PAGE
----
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Asian elders are less happy, get less support than elders of other races, study shows

“There’s much that we don’t know about our older adults, and these results show they aren’t doing as well as people may perceive,” the study's lead researcher said.
Image: AAPI seniors
A man sits in front of a milk tea shop in San Francisco's Chinatown on March 19.Wu Xiaoling / Xinhua News Agency via Getty Images

Asian American elders experience significantly lower life satisfaction and receive less emotional support than their peers of other races, according to a recent study published in the Journal of the American Board of Family Medicine.

The research, published in January and peer-reviewed, draws on 2018 data from the California Health Interview Survey, the largest state health survey in the U.S. The sample consisted of nearly 8,200 individuals 65 years and older, including people of Chinese, Korean, Filipino and Vietnamese descent.

“We know it’s a common misconception that Asians are doing better than other racial groups,” Riti Shimkhada, the study’s lead researcher and a senior research scientist at the UCLA Center for Health Policy Research, told NBC Asian America. “There’s much that we don’t know about our older adults, and these results show they aren’t doing as well as people may perceive.”

Only 54 percent of Asian American older adults surveyed said they were satisfied with their lives, compared with 80 percent of respondents of other races and ethnicities. Similarly, 56 percent of Asian American elders reported usually or always receiving needed social and emotional support — a significantly lower share than the 80 percent of people of other groups. Shimkhada said there are no significant differences based on income level or household size.

Among Asian Americans, Korean elders reported the lowest level of life satisfaction, at 40 percent. Less than one-third of Korean participants said they received needed social and emotional support, compared to nearly two-thirds of Chinese and Filipino respondents.

DJ Ida, executive director of the National Asian American Pacific Islander Mental Health Association, said a number of social and cultural factors make aging a particularly agonizing process for people from marginalized communities.

“In general, mental health needs increase as people get older,” she said, noting that physical and emotional exhaustion, as well “the sense of anxiety around the meaning of life,” all grow more acute with age. “But our health care facilities are not adequate for the needs of the Asian community.”

Not many mental health providers, for example, can accommodate the language needs of Asian American elders, more than half of whom have limited English proficiency, according to a National Asian Pacific Center on Aging report.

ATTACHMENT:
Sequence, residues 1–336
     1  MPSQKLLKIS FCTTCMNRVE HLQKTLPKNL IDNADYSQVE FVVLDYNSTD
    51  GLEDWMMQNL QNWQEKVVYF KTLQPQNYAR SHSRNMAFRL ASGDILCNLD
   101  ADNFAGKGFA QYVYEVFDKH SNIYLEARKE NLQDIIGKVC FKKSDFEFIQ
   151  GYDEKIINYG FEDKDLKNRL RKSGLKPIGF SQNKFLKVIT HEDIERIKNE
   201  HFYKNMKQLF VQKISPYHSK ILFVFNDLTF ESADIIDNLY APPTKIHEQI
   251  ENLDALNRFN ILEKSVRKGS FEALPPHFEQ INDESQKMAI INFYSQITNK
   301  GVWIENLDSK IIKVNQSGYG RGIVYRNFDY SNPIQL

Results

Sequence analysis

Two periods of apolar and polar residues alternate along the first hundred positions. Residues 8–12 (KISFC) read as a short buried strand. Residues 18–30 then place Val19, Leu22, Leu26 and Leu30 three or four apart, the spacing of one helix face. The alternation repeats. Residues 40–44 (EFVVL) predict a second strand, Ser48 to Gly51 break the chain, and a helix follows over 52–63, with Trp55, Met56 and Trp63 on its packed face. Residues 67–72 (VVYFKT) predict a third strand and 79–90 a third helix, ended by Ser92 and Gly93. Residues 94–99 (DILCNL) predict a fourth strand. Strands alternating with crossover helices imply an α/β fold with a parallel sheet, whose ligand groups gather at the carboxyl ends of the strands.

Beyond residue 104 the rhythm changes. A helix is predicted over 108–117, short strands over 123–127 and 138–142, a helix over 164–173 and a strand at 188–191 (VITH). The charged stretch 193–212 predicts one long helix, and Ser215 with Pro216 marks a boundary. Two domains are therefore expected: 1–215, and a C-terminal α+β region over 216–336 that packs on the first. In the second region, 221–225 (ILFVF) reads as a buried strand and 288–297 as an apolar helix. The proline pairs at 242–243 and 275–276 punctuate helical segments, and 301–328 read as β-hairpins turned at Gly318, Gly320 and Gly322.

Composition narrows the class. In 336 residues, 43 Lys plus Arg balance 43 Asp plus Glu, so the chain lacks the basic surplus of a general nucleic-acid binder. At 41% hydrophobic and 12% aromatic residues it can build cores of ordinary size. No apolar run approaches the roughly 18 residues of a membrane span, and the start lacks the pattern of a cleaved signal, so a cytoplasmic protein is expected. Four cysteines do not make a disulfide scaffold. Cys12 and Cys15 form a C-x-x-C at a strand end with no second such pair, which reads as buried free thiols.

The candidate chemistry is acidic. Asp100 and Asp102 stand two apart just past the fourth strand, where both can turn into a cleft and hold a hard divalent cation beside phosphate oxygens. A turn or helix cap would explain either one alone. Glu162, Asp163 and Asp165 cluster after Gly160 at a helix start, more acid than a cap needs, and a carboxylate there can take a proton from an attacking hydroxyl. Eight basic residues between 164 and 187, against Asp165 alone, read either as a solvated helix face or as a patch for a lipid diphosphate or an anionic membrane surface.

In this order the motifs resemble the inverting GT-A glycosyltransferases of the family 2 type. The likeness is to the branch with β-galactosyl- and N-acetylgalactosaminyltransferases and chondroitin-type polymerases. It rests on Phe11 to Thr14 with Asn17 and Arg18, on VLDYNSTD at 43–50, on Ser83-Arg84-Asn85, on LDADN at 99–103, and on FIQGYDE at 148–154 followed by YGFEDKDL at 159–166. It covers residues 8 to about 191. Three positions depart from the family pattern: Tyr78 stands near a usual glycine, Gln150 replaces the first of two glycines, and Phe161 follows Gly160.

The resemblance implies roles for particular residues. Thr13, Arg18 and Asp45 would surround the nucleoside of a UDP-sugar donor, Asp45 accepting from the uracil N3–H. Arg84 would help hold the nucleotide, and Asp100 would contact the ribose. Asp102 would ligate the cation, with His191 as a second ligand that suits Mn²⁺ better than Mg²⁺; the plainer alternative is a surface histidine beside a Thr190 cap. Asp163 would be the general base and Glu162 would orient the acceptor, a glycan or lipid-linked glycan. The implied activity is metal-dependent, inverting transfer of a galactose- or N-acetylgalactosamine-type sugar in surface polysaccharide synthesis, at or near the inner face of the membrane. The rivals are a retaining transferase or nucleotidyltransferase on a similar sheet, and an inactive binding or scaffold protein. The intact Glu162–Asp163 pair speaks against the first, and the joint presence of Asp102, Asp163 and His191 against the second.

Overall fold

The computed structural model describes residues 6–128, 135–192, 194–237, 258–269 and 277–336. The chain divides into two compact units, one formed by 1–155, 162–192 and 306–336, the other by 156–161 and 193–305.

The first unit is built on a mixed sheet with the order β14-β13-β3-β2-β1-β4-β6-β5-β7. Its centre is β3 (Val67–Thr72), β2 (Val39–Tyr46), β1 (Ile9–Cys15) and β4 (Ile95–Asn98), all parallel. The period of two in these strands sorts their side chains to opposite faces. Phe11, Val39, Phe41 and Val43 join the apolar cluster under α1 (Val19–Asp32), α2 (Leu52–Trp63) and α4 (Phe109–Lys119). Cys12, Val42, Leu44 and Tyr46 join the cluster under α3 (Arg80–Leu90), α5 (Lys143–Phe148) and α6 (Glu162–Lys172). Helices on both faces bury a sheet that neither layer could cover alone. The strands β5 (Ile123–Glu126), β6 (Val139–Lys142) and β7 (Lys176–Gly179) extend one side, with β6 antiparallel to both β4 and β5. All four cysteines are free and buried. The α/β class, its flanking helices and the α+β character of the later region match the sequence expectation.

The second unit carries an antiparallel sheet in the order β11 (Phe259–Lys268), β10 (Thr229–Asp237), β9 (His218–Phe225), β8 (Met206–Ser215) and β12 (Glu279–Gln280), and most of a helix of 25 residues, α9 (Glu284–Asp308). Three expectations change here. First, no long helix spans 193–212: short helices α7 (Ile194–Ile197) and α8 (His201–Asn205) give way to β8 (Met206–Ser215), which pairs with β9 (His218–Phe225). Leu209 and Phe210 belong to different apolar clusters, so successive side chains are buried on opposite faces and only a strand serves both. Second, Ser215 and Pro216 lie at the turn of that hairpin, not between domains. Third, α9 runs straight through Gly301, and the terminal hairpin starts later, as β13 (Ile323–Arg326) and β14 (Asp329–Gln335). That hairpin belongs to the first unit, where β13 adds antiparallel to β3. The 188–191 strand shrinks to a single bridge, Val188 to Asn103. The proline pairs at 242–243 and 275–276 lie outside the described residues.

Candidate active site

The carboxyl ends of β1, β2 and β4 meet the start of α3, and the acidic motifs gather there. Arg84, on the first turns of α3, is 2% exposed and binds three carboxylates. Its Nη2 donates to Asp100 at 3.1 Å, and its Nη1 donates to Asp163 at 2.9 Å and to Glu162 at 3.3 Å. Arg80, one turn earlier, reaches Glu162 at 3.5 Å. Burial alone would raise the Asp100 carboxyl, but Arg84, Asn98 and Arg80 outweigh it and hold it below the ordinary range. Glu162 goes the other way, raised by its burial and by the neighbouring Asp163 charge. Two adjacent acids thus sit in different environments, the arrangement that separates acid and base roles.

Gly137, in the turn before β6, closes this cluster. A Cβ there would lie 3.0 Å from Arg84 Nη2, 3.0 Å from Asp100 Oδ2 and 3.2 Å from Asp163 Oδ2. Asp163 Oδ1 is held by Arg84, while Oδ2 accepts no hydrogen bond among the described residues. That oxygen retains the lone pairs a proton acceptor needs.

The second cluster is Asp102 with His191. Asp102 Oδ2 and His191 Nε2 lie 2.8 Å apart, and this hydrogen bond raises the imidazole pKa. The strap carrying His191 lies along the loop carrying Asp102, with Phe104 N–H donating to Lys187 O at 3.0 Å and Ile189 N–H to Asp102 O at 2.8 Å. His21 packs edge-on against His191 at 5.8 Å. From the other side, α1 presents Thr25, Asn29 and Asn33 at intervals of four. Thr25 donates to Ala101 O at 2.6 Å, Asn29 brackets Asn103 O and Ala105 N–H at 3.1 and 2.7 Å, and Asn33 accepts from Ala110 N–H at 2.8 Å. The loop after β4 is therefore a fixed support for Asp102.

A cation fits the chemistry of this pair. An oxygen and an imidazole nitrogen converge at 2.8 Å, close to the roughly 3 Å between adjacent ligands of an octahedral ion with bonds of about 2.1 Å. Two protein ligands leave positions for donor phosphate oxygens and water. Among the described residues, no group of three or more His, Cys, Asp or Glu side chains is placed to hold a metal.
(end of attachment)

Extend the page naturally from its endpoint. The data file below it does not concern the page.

Shimkhada said the study’s biggest limitation was that there’s only one year of data on life satisfaction and emotional support, making it difficult to track long-term trends or the impact of the pandemic. In addition, South Asians were not included in the analysis because their sample size in the study was too small. 

The pandemic has increased social isolation and loneliness among older adults that could have led to even lower levels of life satisfaction. A new report by the Asian American Federation found that 75 percent of Asian older adults in New York are afraid to leave their homes as a result of anti-Asian violence. But the uptick in anti-Asian hate incidents, Shimkhada said, has also generated an upswell of community support for older adults, notably in the form of volunteer patrol groups, that could also promote feelings of support.

Another point of intervention is through primary care or family medicine physicians, who are often the first or only point of social contact for many elders.

“It’s an area where policy could help,” Shimkhada said, “in training providers to identify strain or loneliness in older adults and provide resources for them.”

Older adults who experience chronic poverty have higher levels of fear and anxiety that are often rooted in traumatic experiences, said Winnie Yu, director of programs and administration at the nonprofit organization Self-Help for the Elderly, which provides health care and social services to more than 40,000 low-income elders in the San Francisco Bay Area.

To mitigate the challenges of isolation during the pandemic, Self-Help for the Elderly rolled out a range of virtual and in-person activities, including yoga, stress reduction and nutrition workshops, and history and computer classes.

Yu said the study’s findings track with what she’s observed in her community, but the data may be an undercount given the cultural stigma against reporting and seeking help for mental illness.

“My fear is that many more seniors are suffering in silence,” Yu said. “They think they can manage on their own and will do as much as they can rather than seek help.”